This review was originally written for Londonist.
Set in London in 1957, in the bustling kitchen of The Tivoli, Arnold Wesker’s two-acter – first staged at the Royal Court in 1959 – is based on his experience of working in restaurant kitchens in Paris and London. The action takes place over the course of one day in a kitchen that caters for 2000 customers and is presided over by the quietly tyrannical, profit-obsessed Mr Marango (Bruce Myers).
Giles Cadle’s circular set gleams with steel and glass and cast iron, the walls lined with shelves on which teeter towers of crockery and glittering glasses, with industrial stoves and gas hobs that actually ignite – which had us in a mild state of anxiety for the duration of the first act, thinking one ring hadn’t been lit properly and we were going to be gradually gassed and/or eventually exploded. Luckily, that didn’t happen. (Paranoid? Who?) Sound design from Dan Jones, with hisses and sizzles in all the right places, and great visuals of flaming skillets and steaming coffee pots make this fully mimed kitchen experience completely authentic.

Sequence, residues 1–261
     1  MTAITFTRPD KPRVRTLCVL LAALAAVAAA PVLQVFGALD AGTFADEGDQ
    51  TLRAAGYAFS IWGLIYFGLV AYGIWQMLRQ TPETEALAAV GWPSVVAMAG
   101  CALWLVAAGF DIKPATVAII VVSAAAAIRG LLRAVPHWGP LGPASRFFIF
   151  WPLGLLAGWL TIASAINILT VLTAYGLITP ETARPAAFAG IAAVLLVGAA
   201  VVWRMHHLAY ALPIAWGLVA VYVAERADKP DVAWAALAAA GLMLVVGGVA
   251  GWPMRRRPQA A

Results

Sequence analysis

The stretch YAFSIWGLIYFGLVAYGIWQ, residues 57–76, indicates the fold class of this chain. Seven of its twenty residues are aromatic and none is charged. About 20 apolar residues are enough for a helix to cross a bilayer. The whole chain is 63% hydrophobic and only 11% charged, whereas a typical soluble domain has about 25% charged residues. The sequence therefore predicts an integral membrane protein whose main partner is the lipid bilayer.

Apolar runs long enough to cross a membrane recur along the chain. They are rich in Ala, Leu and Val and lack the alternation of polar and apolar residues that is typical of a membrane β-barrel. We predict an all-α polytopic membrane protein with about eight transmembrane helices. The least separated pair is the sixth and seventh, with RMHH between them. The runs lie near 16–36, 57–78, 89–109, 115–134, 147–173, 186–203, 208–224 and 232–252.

Tom Brooke’s moody, impulsive, yet charming Peter, his tempestuous affair with one of the married waitresses and his violent feud with a fellow cook are at the centre of the drama. But it’s an ensemble piece, and the cast of 30 is ably and imaginatively directed by Bijan Sheibani, who recreates the frenetic atmosphere of a busy kitchen, marching the play along swiftly, its tempo almost musical – the various chopping, beating, stirring, pouring and plating up made rhythmic, moving like a dance piece.
Wesker was trying to get across how dehumanising it is to work in such a high pressure environment, and Sheibani’s choreography of the piece is faithful to that; the workers’ high speed synchronisation emphasises that, in this world, as individuals, they don’t matter – they become a machine, a factory line. “This is no place for a human being,” the new cook complains. “You can get used to anything if you have to,” the common refrain. Peter’s spectacular breakdown in the second half exemplifies how dangerous this attitude can be.
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